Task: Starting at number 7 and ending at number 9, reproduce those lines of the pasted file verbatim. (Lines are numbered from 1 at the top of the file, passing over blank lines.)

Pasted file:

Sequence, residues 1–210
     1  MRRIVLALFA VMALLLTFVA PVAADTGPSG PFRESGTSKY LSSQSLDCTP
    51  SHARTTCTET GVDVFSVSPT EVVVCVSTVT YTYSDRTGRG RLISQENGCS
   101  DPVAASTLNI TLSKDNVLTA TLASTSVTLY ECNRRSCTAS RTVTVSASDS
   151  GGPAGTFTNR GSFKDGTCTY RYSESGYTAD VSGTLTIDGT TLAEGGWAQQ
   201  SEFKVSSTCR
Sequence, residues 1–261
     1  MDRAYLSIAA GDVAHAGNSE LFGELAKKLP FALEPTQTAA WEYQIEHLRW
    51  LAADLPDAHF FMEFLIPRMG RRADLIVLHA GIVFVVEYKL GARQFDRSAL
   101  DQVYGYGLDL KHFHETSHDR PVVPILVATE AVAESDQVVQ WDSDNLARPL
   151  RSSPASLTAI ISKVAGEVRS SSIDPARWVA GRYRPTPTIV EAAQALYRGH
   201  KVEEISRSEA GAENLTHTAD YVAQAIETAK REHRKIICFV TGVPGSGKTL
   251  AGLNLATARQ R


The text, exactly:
Sequence, residues 1–261
     1  MDRAYLSIAA GDVAHAGNSE LFGELAKKLP FALEPTQTAA WEYQIEHLRW
    51  LAADLPDAHF FMEFLIPRMG RRADLIVLHA GIVFVVEYKL GARQFDRSAL